Zift Medical has a small footprint, but it’s hoping to have a major impact in aesthetic medicine.
The four-year-old med-tech start-up has eschewed staff in favor of contract work and outsourcing. Rather than create a headquarters, Zift is crashing with colleagues at Fridley’s Resolution Medical who had extra office and clean-room space. Instead of pinning its hopes on venture capital, Zift Medical is raising money itself and spending judiciously.
The result is that this two-person start-up has conceived, designed and begun human testing of a tiny medical device while raising $3 million. Zift hopes to sell the device one day to an established player in aesthetic medicine, like Botox-maker Allergan or breast-implant maker Sientra.
Zift’s device, which is about the size of a gnat when implanted, is intended as a cheaper, less painful way to get brow-lift surgery. Ongoing experiments will determine how long it works. But even Zift’s first-in-human experiments are different from standard industry practice, thanks to a Food and Drug Administration program that is allowing the first implants to happen in the U.S. instead of overseas.
“Initially, we were thinking we’d end up in Paraguay or something for the clinical trial,” said Zift Medical CEO Eric Simso, an industry veteran who founded the company with engineer and fellow med-tech vet David Blaeser. “It is so nice to be able to go across town [to view] a procedure, and then the follow-up is all done ... in Edina.”
Zift Medical used an alternative pathway to get the FDA to approve its first-in-human study. Known as an early feasibility study investigational device exemption, or EFS IDE, the approval is allowing Zift to do its initial pilot study of 20 people from Minnesota and Wisconsin to gather early data on proof of principle and safety.
Ultimately, the company’s innovative approach and efficient cost structure will matter less than the ultimate question: Does the Zift device work as intended?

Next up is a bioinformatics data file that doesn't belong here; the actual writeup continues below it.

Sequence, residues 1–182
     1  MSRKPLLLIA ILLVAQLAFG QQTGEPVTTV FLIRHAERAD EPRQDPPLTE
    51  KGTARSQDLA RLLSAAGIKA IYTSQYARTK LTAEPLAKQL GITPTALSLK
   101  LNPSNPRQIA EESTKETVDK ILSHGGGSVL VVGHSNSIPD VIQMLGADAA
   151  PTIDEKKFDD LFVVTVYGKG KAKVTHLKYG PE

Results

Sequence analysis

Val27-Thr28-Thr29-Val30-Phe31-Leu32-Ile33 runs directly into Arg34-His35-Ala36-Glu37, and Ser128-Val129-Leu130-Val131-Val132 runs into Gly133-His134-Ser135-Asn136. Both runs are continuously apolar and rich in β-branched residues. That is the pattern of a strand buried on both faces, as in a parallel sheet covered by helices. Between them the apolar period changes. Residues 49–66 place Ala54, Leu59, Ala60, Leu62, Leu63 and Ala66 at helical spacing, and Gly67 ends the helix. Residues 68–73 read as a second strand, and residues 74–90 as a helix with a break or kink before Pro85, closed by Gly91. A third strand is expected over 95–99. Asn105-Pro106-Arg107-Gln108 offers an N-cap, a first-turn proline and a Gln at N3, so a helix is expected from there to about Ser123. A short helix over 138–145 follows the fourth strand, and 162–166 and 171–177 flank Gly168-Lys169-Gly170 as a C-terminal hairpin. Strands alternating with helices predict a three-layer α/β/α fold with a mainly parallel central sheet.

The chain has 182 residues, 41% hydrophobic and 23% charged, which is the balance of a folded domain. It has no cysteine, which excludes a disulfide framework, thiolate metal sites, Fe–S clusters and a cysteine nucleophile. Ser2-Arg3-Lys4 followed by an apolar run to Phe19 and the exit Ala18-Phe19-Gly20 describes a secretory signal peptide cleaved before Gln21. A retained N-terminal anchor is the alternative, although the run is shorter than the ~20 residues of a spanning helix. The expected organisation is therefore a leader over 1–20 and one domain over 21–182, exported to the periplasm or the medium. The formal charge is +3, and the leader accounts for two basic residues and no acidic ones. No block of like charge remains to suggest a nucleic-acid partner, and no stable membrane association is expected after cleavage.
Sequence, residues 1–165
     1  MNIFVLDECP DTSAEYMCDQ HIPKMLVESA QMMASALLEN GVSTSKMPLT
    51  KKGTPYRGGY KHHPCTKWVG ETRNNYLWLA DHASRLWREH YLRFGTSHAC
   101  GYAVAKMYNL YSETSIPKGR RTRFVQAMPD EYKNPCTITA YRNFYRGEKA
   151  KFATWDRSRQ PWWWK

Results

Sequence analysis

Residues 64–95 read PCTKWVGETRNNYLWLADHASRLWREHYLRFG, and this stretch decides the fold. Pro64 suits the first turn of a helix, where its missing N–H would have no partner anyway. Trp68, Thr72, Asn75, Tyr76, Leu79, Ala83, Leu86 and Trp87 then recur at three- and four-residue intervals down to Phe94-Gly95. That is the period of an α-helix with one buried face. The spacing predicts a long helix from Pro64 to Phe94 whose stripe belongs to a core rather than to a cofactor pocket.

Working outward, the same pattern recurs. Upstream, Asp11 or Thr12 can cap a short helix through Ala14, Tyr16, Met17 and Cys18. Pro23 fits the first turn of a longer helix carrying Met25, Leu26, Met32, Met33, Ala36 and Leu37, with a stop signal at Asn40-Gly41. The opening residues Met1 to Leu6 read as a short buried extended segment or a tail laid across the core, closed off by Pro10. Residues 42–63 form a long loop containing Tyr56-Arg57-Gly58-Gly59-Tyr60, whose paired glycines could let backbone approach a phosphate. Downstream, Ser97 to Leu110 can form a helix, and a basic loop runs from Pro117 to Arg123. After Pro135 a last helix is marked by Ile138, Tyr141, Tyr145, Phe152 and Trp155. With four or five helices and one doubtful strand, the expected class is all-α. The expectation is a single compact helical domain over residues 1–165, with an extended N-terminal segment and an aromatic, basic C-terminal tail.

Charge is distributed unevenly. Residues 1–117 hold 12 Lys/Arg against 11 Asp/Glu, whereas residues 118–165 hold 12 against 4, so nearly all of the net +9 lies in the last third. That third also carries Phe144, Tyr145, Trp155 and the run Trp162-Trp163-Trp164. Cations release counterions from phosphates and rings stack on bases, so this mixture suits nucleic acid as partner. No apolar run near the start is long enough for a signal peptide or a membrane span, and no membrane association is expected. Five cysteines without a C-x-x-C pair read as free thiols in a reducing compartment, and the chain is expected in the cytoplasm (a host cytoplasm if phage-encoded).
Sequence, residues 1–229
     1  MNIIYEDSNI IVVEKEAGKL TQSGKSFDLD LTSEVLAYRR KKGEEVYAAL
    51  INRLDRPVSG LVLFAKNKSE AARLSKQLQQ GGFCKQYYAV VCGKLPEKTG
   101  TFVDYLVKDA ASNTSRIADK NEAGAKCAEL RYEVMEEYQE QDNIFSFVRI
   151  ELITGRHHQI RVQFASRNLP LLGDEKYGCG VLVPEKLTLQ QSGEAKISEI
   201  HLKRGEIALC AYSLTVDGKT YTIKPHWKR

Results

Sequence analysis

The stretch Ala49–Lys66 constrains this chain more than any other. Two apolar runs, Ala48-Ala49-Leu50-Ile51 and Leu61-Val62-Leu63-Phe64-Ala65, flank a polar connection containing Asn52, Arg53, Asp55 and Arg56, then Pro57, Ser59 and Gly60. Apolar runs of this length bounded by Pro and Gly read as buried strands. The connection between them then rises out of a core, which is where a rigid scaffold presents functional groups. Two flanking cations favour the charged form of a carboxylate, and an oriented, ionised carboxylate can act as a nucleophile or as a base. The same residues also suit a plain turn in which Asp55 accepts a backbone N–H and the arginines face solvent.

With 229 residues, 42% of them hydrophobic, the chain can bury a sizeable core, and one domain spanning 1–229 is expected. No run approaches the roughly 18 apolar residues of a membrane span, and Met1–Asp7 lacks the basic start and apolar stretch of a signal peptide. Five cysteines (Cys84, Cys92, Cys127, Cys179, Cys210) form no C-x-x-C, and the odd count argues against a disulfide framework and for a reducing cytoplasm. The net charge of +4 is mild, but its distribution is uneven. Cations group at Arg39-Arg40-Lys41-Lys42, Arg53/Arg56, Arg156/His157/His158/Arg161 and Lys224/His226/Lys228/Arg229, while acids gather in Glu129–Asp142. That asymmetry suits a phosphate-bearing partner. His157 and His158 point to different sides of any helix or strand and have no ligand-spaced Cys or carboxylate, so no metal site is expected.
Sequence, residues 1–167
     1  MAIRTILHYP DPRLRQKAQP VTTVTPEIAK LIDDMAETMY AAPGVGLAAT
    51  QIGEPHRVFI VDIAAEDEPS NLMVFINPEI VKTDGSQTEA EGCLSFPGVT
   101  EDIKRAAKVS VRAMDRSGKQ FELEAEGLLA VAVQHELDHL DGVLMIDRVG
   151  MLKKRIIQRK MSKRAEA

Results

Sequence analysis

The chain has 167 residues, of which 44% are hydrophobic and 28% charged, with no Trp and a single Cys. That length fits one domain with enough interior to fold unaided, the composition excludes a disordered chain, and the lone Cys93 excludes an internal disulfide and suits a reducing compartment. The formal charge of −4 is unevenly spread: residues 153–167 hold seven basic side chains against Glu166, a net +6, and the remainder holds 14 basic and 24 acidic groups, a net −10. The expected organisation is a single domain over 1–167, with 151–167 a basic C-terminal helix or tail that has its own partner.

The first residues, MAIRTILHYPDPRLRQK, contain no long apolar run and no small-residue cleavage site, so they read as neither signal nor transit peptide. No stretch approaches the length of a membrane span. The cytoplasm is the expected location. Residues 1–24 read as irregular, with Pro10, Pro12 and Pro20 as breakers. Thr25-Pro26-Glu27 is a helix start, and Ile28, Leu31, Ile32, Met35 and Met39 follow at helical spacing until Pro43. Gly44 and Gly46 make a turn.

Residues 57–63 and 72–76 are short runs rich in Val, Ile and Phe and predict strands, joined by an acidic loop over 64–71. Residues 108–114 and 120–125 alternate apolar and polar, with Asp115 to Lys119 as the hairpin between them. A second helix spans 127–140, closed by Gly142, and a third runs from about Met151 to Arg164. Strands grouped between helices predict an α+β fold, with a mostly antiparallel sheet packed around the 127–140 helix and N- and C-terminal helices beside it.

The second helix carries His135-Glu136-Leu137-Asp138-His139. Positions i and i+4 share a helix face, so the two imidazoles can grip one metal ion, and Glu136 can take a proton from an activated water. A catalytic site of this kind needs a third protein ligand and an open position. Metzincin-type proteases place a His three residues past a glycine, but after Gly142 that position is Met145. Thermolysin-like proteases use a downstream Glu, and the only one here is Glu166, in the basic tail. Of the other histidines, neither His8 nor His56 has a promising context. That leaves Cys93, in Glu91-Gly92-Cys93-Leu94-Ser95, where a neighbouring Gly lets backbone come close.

The device consists of a thin nitinol tube about as wide as the tip of a disposable pen, which is placed in a millimeter-wide “incision” in the forehead and then fired a few millimeters into the skull using a hand-held tool that looks a bit like a glue gun.
With the forehead skin pulled taut and the bone anchor in place, the tool is withdrawn and several curved “petals” of metal flex out from the thin tube and invisibly grab onto tissue above the eyes. The anchors then hold the top layers skin more taut than before, theoretically creating the same kinds of results as a traditional surgical brow lift but without the pain, expense or extensive post-surgical bruising.
Although it’s tough to give specific price estimates for a procedure that’s not even proved safe yet, Simso said the ultimate goal is to have a “Zift Lift,” — the company’s current name for the procedure — cost a third of a traditional open-surgical or laparoscopic brow lift.
As of Friday, five patients have had the Zift procedure. It typically involves implanting six to eight anchors, which are intended to be permanent even though soft tissues age and develop laxity over time.
Principal investigator Dr. Peter Hilger, an Edina facial plastic surgeon and U professor, said it’s too early to say how long the anchors will maintain the patient’s desired lift and how that time frame compares to a traditional surgical brow lift.
“You might legitimately ask me, are those going to be enough to hold up the weight of the skin over the long term? I don’t know the answer to that,” Hilger said. “I do know it held at 90 days [in animal studies], and it is holding a week afterward in patients. But ... it’s a first-in-human study.”
The ongoing feasibility study will look at results at 90 days, six months, and annually thereafter, potentially leading to refinements in implant technique and device design. At some point the company will also launch a larger clinical trial to gather extensive data on safety and effectiveness that can be used to get full commercial clearance, likely through the FDA’s 510(k) program.
Although the 510(k) pathway isn’t known for requiring extensive preclearance testing, Simso and Blaeser said strong data will ensure the device is safe while also making the company more valuable in the process.
So far Zift has raised its funds mainly through “angel investors” in Minnesota. One near-term goal is to attract the interest of “strategic” investors like big, established med-tech companies that could offer a modest funding up front while helping direct Zift’s future. One day a full acquisition by an investing company could be possible, though Zift is also working on plans to go it alone if need be.
Simso said the company has deliberately avoided venture capital thus far, because VC firms typically demand some level of control over the company and may end up with terms that greatly dilute original investors’ holdings.
“Venture is not bad necessarily,” Simso said. “You just need to know that it’s not free money, by any means.”